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Marx and Engels, The German Ideology

  • C. J. Arthur

Extract

The texts before us are relatively early works. They predate the famous Manifesto of the Communist Party of 1848. Their importance lies in this: that here historical materialism is outlined and defended for the first time. This new philosophy is elaborated in the course of Marx and Engels' effort to settle accounts with previous German philosophy—and, perhaps, with philosophy as such. The new outlook is developed, therefore, in the context of polemic against Hegel and Feuerbach, precisely the thinkers that they most admired earlier in fact.

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1 Marx, K. and Engels, F., The German Ideology, 2nd edn, Arthur, C. J. (ed.) (London: Lawrence and Wishart, 1974). This also contains Marx's Theses on Feuerbach and his 1857 Introduction to a Critique of Political Economy. Page numbers in the text below refer to this volume. Note the following errata: page 7 line 2, read ‘dialectic’; page 7 note 1, read ‘mystification’; page 7 one line from bottom, insert ‘2’; page 94 last line, delete last comma.

2 Marx, Karl and Engels, Frederick, Selected Works, 3 vols, Vol. One (Moscow: Progress Publishers, 1969), 502504.

3 Selected Works, Vol. One, 113.

4 Selected Works, Vol. One, 504.

5 Marx, Karl, Capital, Vol. One (London: Penguin Books, 1976), 175176.

6 The Essence of Christianity [1841], trans. Evans, Marian (George Eliot) (reissued New York, 1957), 5. ‘Contemplation’ here=‘Beschauung’.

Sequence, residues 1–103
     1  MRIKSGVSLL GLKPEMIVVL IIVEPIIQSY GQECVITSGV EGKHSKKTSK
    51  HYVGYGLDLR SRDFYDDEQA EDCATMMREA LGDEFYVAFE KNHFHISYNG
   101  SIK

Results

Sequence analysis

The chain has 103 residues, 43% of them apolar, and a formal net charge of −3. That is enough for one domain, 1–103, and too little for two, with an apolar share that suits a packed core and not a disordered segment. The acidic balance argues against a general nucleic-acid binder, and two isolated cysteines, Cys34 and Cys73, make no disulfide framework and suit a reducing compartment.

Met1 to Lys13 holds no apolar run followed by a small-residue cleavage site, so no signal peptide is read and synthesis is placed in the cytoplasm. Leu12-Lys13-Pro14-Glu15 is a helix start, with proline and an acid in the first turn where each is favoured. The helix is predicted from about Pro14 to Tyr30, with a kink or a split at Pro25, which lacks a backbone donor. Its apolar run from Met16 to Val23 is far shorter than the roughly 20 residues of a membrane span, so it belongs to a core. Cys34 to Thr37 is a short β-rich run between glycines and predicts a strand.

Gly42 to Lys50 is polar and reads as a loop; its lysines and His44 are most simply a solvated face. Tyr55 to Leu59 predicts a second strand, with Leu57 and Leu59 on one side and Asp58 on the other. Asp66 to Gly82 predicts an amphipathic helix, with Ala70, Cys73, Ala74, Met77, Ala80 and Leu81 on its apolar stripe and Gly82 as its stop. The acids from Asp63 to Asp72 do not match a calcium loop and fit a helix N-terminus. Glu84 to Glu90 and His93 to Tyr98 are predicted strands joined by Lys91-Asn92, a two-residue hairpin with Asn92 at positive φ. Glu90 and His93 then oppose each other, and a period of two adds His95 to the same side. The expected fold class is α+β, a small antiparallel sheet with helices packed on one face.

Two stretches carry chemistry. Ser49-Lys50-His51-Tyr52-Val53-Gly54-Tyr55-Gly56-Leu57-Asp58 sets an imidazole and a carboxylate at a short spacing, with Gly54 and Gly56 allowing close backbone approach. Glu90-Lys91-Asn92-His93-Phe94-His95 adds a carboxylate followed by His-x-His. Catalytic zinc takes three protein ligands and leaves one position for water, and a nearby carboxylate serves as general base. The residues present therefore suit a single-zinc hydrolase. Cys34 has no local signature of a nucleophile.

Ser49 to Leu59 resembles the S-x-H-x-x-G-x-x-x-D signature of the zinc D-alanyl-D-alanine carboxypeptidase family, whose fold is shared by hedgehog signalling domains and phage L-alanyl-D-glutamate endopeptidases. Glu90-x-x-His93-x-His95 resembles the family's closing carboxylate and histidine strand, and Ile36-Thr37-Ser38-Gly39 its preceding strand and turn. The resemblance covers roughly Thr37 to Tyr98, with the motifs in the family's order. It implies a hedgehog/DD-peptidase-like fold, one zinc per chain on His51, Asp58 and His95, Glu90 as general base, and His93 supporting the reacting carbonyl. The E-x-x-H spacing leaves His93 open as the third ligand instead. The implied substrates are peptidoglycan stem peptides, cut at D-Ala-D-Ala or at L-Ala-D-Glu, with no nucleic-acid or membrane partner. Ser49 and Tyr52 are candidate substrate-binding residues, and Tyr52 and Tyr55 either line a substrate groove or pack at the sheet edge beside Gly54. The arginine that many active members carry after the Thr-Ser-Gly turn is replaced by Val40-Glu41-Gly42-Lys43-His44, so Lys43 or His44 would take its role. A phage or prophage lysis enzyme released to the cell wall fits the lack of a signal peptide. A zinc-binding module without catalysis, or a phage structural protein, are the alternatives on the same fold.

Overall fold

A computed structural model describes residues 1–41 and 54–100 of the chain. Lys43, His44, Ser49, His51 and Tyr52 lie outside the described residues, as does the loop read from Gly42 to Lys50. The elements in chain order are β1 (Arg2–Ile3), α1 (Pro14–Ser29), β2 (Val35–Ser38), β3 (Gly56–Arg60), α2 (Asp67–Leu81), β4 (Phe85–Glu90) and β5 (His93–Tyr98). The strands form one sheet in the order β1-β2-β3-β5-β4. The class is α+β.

7 The Fiery Brook, selected writings of Feuerbach, Ludwig, trans. Hanfi, Zawar (Garden City, NY: Anchor Books, 1972), 56.

8 Mill, J. S., A System of Logic [1843] (London: Longmans, 1965), Book 6, ‘On the Logic of the Moral Sciences’, Ch. VII, 573.

10 ‘We presuppose labour in a form in which it is an exclusively human characteristic … what distinguishes the worst architect from the best of bees is that the architect builds the cell in his mind before he constructs it in wax. … Man not only effects a change of form on the material of nature; he also realizes his own purpose in those materials’ (Capital, Vol. One, 283284).

11 Capital, Vol. One, 477.

12 Fourier, C., Oeuvres completes Tome VI (Paris, 19661968), 68.

13 Marx's Grundrisse, trans. Nicolaus, M. (London: Penguin Books, 1973), 704706.

14 See Capital, Vol. Three (London: Penguin Books, 1981), 958959.

15 Selected Works, Vol. One, 395.

16 Capital, Vol. One, 91. The necessity inheres in ‘the economic law of motion of modern society’ (92). This is misquoted, in a very significant way, by Popper, Karl, in his Poverty of Historicism (London: Routledge, 1961) as ‘the economic law of motion of human society’ (p. 49). (My emphases.)

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